A 46-year-old male patient with no known comorbidities presented with complaints of hoarseness of voice and right sided chest pain for a duration of 1 month. He had developed dyspnoea on exertion in the last 2 weeks. Blood investigations were found to be normal.
Chest radiograph frontal projection shows an opacity in the right hemithorax with a shift of mediastinum to the left. Lateral chest radiograph shows the opacity in the posterior aspect of hemithorax. CT images show a large soft tissue density lesion which is broad-based to the costal pleura in the posterior aspect of the right hemithorax and the adjacent mediastinal pleura with an attenuation similar to muscle and a mild homogenous enhancement. The lesion showed a displacement of the mediastinum to the left with compression of the superior vena cava. No evidence of any bony erosions or widening of neural foramen was noted.
CT guided biopsy was done from the lesion, following which surgical resection was done. A large tumour that weighed over 2 kg was operated out from our patient which was reported as a spindle cell neoplasm with morphology and immune profile consistent with a desmoid tumour on histopathology.
Desmoid tumours, also referred to as aggressive fibromatosis are locally aggressive tumours with potential for local recurrence and adjacent organ involvement (1). They are rare mesenchymal neoplasms with a female predilection and a peak incidence in the third and fourth decades (2). There is a strong association between desmoid tumours and familial adenomatous polyposis (3). Pathologically they consist of fascicles of spindle cells and fibroblasts in dense collagen stroma (2).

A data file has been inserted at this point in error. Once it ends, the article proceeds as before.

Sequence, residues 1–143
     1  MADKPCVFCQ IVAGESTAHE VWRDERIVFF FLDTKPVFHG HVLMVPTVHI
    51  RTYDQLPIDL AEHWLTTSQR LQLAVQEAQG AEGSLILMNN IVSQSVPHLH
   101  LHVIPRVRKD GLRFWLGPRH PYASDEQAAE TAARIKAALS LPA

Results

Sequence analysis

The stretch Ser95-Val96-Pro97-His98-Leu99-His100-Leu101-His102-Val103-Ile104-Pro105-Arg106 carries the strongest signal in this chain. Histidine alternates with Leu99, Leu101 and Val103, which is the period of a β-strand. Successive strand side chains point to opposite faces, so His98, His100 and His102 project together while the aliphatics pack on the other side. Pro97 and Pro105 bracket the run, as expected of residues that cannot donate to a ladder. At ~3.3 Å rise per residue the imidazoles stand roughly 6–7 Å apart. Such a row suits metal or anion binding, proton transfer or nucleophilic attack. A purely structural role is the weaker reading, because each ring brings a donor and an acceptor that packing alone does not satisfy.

Desmoid tumours are commonly intraabdominal but may also be extra-abdominal. Extra abdominal desmoids have been commonly reported from the shoulder and upper extremity, the gluteal region, chest wall, back and head and neck (2). Pleural desmoid tumours are extremely rare (4). Due to the locally aggressive nature, adjacent organ involvement is often responsible for the clinical presentation. Hence intrathoracic desmoid tumours tend to show features like cardiac arrhythmias, superior vena cava syndrome, cardiac failure and pulmonary manifestations (5).
On ultrasonography, desmoid tumours appear hypoechoic with variable vascularity. CT shows a soft tissue density lesion with attenuation similar to that of muscle. Margins may be indistinct and enhancement varies from mild to moderate. Mesenteric desmoid may show radiating spicules extending into the adjacent fat (6). MRI shows a heterogeneous pattern of lesion which appears isointense or hyperintense to skeletal muscle on T2WI. With dense collagen and decreased cellularity, signal intensity on T2 decreases while higher content of spindle cells show increased T2 signal intensity (7). Avid enhancement may be seen in highly cellular regions. Desmoid fibroids are not very metabolically active on PET imaging.
Definitive diagnosis is given by a histopathological examination and immunohistochemistry. Spindle cells stain positive for beta-catenin (8).
The main goal of treatment is local control and surgical resection, if possible. Recurrence is seen in 20 – 68% of the patients with a higher potential in syndromic patients (9). Systemic therapy can be used as an alternative or as neoadjuvant therapy. Despite the rarity of disease, it is important not to overlook desmoid tumours while considering the differentials for pleural and mediastinal tumours. An early diagnosis and treatment can prevent life-threatening complications of this locally aggressive neoplasm.
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